April 2, 2013

343 talks about the in game limitations of the Prometheans of Halo 4

spartan-attacking-promethean-halo

While everyone was talking about Joe Staten's Destiny panel at GDC, the lads from 343 Industries were also having a post mortem on Halo 4. An intruiging story has come out from Scott Warner about the challenge of designing the Promethean enemy and the success of it.

"We had a number of concerns about the Forerunners that we thought went not completely according to plan and could be improved upon"

IAn apparent "absence of high level vision" on the various Promethean creatures' gameplay mechanics caused 343 to pursue design ideas that were ultimately canned: "It would have been easier for us to understand if we'd had more definition around these characters early on, as far as who they were." Warner gave the example of a prototype build in which two Promethean Knights balled themselves up and attacked Master Chief.

On game play level , Warner mused his view that Halo 4's enemies were shipped with damage tuning and gameplay mechanics that were less than ideal. "The Watcher often encourages a one dimensional approach to those encounters," Warner said, "which we saw develop over time through using research and our own play testing. We knew it'd be a problem, [but] we didn't have a great solution for it before we shipped."

"The damage tooling for the characters," he explained, "we felt like we went a little bit too aggressive with this. When you fight the Watcher, there isn't really a good way to circumvent that interaction with him fast, you have to put a bunch of bullets in him – same way with the Knight. So that, over time, can tip the scale to where it's less fun to interact with him."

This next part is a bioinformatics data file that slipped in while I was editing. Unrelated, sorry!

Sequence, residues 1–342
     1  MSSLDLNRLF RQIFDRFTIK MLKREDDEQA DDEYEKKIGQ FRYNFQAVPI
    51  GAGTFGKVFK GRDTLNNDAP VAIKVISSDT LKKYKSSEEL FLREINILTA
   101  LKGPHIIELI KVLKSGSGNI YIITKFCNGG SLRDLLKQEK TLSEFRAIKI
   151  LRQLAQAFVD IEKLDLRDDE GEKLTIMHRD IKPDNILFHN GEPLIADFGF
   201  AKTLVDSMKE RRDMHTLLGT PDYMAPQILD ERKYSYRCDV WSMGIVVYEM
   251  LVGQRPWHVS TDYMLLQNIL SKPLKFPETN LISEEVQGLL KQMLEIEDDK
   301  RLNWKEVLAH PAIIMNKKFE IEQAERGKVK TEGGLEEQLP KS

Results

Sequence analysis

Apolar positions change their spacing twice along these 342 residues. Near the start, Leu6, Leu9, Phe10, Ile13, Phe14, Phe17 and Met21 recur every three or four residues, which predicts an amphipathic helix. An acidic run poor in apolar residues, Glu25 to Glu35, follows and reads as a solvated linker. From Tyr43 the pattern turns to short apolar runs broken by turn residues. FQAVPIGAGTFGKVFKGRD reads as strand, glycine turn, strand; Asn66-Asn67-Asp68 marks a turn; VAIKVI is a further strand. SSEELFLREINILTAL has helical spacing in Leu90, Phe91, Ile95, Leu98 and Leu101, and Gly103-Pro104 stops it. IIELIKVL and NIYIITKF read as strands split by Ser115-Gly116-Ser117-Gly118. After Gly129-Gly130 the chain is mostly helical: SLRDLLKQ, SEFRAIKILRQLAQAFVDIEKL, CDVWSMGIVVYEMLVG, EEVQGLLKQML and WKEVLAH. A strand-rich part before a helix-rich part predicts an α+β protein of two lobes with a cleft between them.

Warner explained further how the Prometheans gave they player little in the way of 'tells' as to what they were up to. "The Covenant do a good job of telling you that you've surprised them, or they've got the drop on you, or they feel proud that they've taken you out; that they're scared," he said.

"Our Prometheans don't do that very well, they're very – I hesitate to use the term 'robotic', but they tend to not show a lot of emotion or communicate their state very well in terms of what we'd like to do, what we think would be ideal for those characters. So that's one big area of improvement we're looking for as we move along with our character development in future games."

I've played Halo 4 through twice now and would have to agree with the Watcher observation - if anything should have been cut from Halo 4, it was the Watchers. They offer little of the classic Halo excitement prior games have offered!

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